By Jessy Smulski (Tech Writer)
According to the latest US Business Formation Statistics (BFS), US start-ups are on the rise—up by almost 25% since 2019, which represents the largest increase in a decade. On its own, this upward trend is noteworthy. Within the context of the last 18 months, the sudden spike is nothing short of remarkable. However, looming over these brave entrepreneurs is another daunting statistic: 90% of new start-ups fail, and 20% will fail within the first year of business, which begs the question—What are the top ten percent of new startups doing to survive?
Aristotle coined the saying, “We are what we repeatedly do. Success is not an action but a habit.” By his logic, if you study and mimic the following three habits of successful IT startups, you can improve your odds of not only surviving but also earning rank among the elite.
Habit #1: Impeccable Accounting, Tax Prep, Bookkeeping & Payroll Practices
A company’s net profit margin indicates how well incoming funds are managed against overhead and operating costs. Accounting activities, including tax prep, bookkeeping, and payroll, collectively represent a net profit margin of 18.4% — enough to make or break even the most promising IT business.
The most successful startups understand that bookkeeping errors, overspending, equity imbalances, excessive payroll spending, and other accounting issues can quickly create cash-flow issues, not to mention sending the wrong message to current and potential investors. To prevent rapid growth from triggering financial hemorrhages, savvy startups put the time, budget, and consideration into adopting the right accounting tools and partnerships from day one. Additionally, they select ancillary management tools based on compatibility and integrability with core accounting and payroll systems, such as QuickBooks.
Habit #2: Diligent Funding Preparations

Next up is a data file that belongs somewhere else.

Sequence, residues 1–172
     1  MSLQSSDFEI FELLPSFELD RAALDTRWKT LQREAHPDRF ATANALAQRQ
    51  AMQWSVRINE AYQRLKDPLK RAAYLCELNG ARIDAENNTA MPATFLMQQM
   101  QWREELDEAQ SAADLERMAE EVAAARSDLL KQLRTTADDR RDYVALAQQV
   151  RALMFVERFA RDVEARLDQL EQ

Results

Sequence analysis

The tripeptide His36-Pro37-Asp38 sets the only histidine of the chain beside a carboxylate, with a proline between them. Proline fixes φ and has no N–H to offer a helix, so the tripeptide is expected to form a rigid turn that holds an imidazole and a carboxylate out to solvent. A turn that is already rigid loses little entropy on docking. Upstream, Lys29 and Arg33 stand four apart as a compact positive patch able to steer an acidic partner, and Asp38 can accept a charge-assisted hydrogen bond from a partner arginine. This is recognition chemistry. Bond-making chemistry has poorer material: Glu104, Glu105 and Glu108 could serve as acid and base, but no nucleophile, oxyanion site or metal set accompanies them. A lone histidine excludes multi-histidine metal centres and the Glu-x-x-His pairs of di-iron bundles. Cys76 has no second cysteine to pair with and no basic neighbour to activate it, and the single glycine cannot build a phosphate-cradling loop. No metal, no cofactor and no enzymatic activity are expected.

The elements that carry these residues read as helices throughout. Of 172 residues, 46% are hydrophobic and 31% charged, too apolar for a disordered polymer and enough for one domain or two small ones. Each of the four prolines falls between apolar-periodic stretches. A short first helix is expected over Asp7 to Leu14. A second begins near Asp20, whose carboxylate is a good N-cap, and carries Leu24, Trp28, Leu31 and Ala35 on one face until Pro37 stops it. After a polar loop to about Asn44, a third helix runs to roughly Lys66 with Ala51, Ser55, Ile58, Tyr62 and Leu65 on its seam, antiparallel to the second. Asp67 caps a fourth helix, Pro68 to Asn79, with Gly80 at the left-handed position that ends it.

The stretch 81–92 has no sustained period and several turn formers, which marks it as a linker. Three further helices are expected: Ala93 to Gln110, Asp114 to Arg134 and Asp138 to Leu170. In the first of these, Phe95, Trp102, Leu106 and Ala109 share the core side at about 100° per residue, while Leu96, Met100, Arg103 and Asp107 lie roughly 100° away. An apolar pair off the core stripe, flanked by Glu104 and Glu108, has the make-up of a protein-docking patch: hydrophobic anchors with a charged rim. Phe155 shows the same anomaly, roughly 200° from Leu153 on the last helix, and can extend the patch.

Roughly 75% to 80% of startup failures can be attributed to three mistakes:
1. Poor Cash Flow Management.
2. Lack Of A Fully-Developed Business Plan.
3. Improper Product Or Service Pricing.
Those who have succeeded financially did not do so by starting out with the most capital. More likely, they recognized the current or potential significance of investor relations and prioritized market research, business planning, and funding initiatives above the more enticing startup activities, such as branding, sales, marketing, and advertising. Taking your product or service to market is exciting, but without making a habit of putting the prep work first, your venture risks suffering the fate of the majority. As a part of your ongoing due diligence, consider adding the following to your priority list:
1.Set Financial Goals
2.Set up C Corporation
3.Patent Intellectual Property
4.Build a Team of Advisors
5.Explore all Possible Financial Reserves
6.Research Venture Capital Firms
Prepare For Venture Capital Opportunities, including a professionally-designed presentation of the following:
4.Documented business plan
Note: when pursuing venture capital funding opportunities, timing is everything. These types of investors are known for taking big risks to reap big rewards. While this can be a good thing for some startups (fortune favors the bold), it can also capsize the business without the proper foundation in place, including legal representation.
Control The Impulse to Jump
The proverbial “leap of faith” may have its advantages in certain situations, but using it as the momentum to start your IT business should not be one of them. There’s a reason why most founders of successful IT start-ups are “seasoned”.
Statistically speaking, a 60-year-old startup founder is 3x more likely to succeed than a 30-year-old founder.
One potential explanation is that more seasoned start-up founders have spent a lifetime developing the skills and experiences needed to build a competitive business. This isn’t to say that young entrepreneurs shouldn’t go for glory, but it does suggest that start-up founders should take every opportunity available to gain new experiences, learn new skills, and achieve higher levels of qualification. The start-up game is won through strategery, not spontaneity.
Always Keep An Eye On IT
Ultimately, the fate of this year’s IT start-up population will boil down to financial management, business savvy, and economic recovery. However, just because your company lives and breathes IT, this doesn’t mean it’s impervious to the damning impact that rapid changes in technology can have on internal operations and service delivery. If a fish can suffocate in water, an IT startup can fail due to technical inefficiencies. Look for IT management software that offers simplicity, a range of integrations, and the operational tools you need to automate and streamline processes across core business functions and expand and extend capabilities.